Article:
The BBC has revealed its list of 100 inspiring and influential women from around the world for 2020.
We are highlighting some of the African women who are leading change and making a difference in the world. Read on
Loza Abera Geinore
Loza Abera Geinore was born and raised in a small town in southern Ethiopia. She played for Hawassa City SC in the Ethiopian Women’s Premier League for two seasons, during which time she became the club’s top goalscorer. She is now a professional footballer and a member of the Ethiopian national women’s team.
Aisha Yesufu is a Nigerian activist demanding good governance in her country. She is co-convener of the Bring Back Our Girls campaign, launched in response to the 2014 abduction of more than 200 girls from a secondary school in Chibok, Nigeria, by the militant group Boko Haram.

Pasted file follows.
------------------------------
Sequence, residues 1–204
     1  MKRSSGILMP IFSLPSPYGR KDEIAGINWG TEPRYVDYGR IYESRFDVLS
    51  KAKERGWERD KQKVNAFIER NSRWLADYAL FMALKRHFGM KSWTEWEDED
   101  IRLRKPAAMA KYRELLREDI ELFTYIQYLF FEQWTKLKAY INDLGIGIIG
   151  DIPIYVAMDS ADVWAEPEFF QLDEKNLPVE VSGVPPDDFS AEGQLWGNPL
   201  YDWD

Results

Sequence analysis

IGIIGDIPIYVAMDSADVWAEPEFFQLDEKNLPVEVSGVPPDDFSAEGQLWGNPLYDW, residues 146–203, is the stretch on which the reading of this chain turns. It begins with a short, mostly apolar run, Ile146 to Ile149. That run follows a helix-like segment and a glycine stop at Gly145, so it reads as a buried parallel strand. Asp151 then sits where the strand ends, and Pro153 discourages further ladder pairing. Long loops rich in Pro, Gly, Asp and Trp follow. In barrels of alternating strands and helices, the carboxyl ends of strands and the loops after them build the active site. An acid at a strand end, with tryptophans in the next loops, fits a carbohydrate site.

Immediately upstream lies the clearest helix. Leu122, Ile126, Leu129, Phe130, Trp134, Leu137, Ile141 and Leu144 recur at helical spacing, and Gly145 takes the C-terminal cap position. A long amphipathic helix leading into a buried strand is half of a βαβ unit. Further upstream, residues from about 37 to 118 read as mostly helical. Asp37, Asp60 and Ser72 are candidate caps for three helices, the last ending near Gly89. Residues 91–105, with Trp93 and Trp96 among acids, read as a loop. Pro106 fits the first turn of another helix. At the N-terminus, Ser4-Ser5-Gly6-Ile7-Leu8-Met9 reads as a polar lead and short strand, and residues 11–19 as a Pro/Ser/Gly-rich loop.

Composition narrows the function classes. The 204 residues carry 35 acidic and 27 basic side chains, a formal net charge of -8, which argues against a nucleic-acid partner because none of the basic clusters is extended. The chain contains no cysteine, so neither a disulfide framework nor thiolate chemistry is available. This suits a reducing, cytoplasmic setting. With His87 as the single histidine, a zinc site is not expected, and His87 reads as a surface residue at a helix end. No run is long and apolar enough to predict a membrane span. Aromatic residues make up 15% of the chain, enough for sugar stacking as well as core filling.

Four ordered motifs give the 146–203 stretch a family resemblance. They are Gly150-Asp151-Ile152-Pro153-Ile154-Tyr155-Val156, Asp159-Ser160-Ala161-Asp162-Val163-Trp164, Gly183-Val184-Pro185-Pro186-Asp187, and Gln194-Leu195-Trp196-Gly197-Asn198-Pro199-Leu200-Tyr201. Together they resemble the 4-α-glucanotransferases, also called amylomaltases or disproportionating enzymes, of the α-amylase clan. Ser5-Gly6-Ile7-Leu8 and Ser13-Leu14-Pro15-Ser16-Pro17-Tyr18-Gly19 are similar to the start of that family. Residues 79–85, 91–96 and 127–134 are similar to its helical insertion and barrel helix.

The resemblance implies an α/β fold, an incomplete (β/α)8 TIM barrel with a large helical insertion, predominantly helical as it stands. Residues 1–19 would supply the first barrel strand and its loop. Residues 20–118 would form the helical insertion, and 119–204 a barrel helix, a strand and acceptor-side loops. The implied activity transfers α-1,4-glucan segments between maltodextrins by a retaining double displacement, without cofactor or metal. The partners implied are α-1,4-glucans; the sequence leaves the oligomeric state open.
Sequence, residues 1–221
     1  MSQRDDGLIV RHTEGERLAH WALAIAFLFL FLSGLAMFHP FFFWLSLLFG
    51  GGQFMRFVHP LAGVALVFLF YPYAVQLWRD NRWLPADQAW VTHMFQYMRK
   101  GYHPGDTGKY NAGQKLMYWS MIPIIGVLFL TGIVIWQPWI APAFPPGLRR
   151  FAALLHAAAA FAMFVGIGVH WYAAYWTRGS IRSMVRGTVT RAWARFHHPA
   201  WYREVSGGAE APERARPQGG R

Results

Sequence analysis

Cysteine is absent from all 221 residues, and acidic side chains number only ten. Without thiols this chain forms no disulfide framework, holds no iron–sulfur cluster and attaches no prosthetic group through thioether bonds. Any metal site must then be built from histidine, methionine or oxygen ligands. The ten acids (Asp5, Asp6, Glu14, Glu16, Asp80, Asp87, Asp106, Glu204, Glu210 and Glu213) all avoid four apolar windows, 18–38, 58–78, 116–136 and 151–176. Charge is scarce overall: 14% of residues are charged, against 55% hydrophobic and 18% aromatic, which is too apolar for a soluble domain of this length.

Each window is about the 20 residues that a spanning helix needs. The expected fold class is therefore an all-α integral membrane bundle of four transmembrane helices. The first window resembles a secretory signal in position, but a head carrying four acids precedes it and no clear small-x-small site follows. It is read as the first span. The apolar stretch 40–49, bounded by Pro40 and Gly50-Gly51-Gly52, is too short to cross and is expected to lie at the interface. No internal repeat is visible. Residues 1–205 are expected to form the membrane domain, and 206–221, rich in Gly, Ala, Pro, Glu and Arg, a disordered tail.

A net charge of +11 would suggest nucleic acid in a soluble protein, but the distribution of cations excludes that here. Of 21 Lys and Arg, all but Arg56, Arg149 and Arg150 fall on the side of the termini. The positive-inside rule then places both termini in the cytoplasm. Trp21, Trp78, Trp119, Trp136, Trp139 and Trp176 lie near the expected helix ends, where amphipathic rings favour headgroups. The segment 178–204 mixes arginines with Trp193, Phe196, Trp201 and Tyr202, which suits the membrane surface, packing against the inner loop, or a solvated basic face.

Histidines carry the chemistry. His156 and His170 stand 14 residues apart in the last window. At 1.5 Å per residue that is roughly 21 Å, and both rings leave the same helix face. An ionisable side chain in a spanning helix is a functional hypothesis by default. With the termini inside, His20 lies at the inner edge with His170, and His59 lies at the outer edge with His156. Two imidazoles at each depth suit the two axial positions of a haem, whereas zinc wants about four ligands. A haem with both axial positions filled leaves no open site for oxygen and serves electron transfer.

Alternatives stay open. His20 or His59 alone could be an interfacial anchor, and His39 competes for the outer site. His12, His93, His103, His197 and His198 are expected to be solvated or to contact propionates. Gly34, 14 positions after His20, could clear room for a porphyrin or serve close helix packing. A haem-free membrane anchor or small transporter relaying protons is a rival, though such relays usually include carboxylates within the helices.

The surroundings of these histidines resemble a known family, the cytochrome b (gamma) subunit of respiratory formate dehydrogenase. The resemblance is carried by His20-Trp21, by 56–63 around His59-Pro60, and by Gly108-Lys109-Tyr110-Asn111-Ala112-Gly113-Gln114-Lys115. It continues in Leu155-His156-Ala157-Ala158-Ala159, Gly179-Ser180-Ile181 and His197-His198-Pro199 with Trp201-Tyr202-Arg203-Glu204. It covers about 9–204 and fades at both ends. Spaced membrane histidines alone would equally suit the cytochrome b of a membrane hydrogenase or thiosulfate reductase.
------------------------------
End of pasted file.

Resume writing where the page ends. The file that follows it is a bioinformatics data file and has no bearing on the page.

She was also a prominent participant in the “EndSars” protests, during which saw Nigerians take to the streets to demand greater accountability from the Nigerian Police Force, beginning with the dissolution of the controversial Special Anti Robbery Squad (Sars) members of which have been accused of the murder, rape and robbery of civilians.
Houda Abouz, aka Khtek, is a Moroccan rapper known for her unique style and lyrical songs. She stands up for women’s rights and gender equality. As a Moroccan rapper in a heavily male-dominated industry, Houda considers her music a tool for change.